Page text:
became an effort to brand the Trek as a communist conspiracy,
absolve the police for their brutal attack on July 1, and defend the
federal government from widespread public criticism.
Evans and many of the Trekkers appeared as witnesses before the
Commission as did scores of citizens. Evans was on the witness
stand for five days, closely cross-examined by hostile lawyers and
hostile commissioners.
The sittings of the Commission and the evidence presented to it
provided a field day for the daily press, which revealed in anti-
communist tirades and slanted reports. Statements made by Evans
were distorted and he became the centre of attack by the media.
In April 1936 the Riot Commission released its 52 volume report. It
whitewashed the Bennett government and its administration of the
20 cents a day relief camps. It defended the actions of the police in
their brutal attack on Regina citizens on July 1. Blame for what
happened was laid solely on the shoulders of Evans and the
Communists. The Trek, it said, "constituted a menace to the peace,
order and good government of Canada."
14. The Spirit of Struggle
The historic On-To-Ottawa-Trek made a great contribution to
Canadian labour and to Canada.
      The Trekkers galvanized the spirit of struggle in the dark
       days of the Hungry Thirties when he future held little hope
       for working people. Their courage and resourcefulness and
       their self discipline won the admiration of Canadians from
       coast to coast.
      They compelled the government to abolish the 20 cents a day
       slave camps.
      They compelled the government to repeal the notorious
       Section 98 of the Criminal Code which was used to suppress
       political opposition and labour militancy.
      They helped to expose and defeat the hated government of
       "Iron Heel" R.B. Bennett.
Trekkers Carry On
In the years that followed many of the Trekkers continued to play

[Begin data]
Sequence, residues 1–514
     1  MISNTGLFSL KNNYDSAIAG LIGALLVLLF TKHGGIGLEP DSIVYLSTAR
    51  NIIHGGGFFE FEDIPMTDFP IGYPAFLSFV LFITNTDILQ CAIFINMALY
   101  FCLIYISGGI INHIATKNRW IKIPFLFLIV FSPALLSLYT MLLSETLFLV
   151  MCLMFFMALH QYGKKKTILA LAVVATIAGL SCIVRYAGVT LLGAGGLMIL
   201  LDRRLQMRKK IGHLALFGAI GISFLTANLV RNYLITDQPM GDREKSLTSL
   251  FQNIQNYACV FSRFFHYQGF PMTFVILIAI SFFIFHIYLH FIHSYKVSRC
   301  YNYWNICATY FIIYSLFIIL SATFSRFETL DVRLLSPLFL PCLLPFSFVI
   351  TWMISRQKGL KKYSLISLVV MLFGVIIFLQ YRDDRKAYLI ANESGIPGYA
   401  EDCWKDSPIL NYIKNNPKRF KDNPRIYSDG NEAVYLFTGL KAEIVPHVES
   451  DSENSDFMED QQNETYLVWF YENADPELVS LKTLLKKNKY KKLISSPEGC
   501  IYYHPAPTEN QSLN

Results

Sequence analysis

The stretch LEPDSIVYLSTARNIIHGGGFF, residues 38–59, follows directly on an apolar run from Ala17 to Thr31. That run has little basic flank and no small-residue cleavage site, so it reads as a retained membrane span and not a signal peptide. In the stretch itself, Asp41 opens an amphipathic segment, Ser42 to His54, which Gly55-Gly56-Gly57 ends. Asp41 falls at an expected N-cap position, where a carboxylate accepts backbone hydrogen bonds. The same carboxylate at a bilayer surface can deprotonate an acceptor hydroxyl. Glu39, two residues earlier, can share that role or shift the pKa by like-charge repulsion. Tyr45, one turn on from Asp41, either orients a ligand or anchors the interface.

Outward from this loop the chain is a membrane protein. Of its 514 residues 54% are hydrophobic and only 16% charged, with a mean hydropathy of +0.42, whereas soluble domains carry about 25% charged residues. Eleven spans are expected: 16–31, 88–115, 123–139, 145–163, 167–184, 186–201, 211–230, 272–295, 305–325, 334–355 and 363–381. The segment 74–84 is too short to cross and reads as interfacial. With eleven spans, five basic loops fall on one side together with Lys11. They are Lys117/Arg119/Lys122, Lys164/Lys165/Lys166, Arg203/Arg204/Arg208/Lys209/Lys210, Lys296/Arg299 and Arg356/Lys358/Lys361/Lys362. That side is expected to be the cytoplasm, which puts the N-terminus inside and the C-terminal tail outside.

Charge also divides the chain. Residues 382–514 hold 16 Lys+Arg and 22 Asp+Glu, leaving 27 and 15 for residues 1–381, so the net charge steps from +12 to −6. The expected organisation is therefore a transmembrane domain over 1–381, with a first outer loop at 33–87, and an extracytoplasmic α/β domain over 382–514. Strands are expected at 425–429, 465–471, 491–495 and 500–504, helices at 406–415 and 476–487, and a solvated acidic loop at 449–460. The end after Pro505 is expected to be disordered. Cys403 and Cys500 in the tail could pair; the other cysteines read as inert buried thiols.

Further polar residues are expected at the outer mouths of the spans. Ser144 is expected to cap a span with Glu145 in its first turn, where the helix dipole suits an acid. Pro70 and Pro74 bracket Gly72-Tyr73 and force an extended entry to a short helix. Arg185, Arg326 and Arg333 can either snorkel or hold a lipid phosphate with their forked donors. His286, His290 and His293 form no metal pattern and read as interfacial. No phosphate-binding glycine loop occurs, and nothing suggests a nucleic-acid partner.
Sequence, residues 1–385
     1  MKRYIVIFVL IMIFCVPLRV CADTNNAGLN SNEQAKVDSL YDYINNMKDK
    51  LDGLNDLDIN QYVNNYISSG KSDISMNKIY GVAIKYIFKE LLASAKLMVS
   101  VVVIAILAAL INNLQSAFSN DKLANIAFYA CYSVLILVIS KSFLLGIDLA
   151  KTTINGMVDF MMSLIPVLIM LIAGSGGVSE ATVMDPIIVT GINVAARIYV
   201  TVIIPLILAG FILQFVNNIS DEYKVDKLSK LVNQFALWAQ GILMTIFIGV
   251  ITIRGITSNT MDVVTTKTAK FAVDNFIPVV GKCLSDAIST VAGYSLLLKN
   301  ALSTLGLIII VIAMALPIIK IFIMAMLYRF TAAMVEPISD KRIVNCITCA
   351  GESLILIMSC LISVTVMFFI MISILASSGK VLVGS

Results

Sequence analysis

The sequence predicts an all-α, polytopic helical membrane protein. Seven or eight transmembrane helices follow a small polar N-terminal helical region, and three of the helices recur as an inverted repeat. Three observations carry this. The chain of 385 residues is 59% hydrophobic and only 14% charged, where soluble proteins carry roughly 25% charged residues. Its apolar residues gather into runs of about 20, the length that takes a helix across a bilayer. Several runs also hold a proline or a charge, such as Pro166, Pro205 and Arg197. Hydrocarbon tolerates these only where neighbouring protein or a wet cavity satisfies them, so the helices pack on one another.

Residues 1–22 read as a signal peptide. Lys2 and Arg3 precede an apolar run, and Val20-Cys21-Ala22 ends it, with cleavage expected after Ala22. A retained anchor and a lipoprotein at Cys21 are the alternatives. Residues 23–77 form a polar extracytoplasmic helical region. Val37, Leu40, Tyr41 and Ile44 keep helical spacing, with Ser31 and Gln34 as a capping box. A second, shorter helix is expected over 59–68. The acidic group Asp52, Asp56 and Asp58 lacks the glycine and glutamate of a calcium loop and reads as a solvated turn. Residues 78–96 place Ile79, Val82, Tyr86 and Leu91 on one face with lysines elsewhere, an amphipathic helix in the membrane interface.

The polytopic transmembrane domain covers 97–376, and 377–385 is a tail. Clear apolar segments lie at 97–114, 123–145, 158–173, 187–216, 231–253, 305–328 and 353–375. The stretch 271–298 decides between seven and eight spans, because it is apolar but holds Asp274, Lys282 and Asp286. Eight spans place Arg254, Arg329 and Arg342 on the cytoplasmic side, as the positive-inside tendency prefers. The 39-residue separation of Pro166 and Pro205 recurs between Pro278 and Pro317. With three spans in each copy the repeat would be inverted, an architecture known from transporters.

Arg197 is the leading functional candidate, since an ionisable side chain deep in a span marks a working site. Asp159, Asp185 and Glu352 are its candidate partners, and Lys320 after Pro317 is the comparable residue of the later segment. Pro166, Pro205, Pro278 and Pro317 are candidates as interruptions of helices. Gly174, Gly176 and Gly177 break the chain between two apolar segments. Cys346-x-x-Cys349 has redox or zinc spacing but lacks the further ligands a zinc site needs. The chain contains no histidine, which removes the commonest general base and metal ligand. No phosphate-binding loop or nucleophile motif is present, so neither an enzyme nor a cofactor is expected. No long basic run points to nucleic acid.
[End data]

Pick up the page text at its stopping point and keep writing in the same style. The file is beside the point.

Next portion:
leading roles in their communities.
Hundreds of them volunteered to go to Spain in 1937 to help fight
fascism, recognizing that a victory for General Franco would bring a
world war that much nearer. Among those who volunteered were
Paddy O'Neil, Peter Neilson, Tony Martin and Red Walsh, all four of
whom had been on the Trekkers delegation to see Prime Minister
Bennett. Neilson and O'Neil were killed in Spain.
"We went to Spain" said Perry Hilton, another volunteer, "because
we knew what the people of Spain had gone through, how they had
suffered and starved, the same thing we were going through in
Canada, and we decided if at all possible we would get to Spain to
help defend democracy and their elected government. From what we
learned in the unemployed movement, it was only a step to
understanding the situation in Spain."
In 1939 with the outbreak of World War 11, many Trekkers enlisted
in the armed forces, and many died in action.
On the home front, many Trekkers distinguished themselves as
union activists and union leaders.
As a reporter of the Regina Leader-Post had observed on July 5,
1935, "They have a gospel which they will now spread no matter
where they will go, where they are scattered."
Arthur Evans continued to play a leading role in the B.C. labour
movement.
In 1937 he undertook a speaking tour of B.C. on behalf of the
Communist Party that covered 53 localities. Its purpose was to raise
funds for an ambulance for the people of Spain, then fighting off an
invasion by General Franco, Hitler and Mussolini.
His last big labour effort was in the hard rock mining community of
Trail in 1938-39, where he took on the powerful and virulently anti-
union Consolidated Mining and Smelting Company. He helped the
miners establish branches of the International Union of Mine, Mill
and Smelter Workers, an affiliate of the Congress of Industrial
Unions (CIO) led by John L. Lewis.
Evans died in Feb.1944 in Vancouver, run over by a motorist after
he alighted from a street car.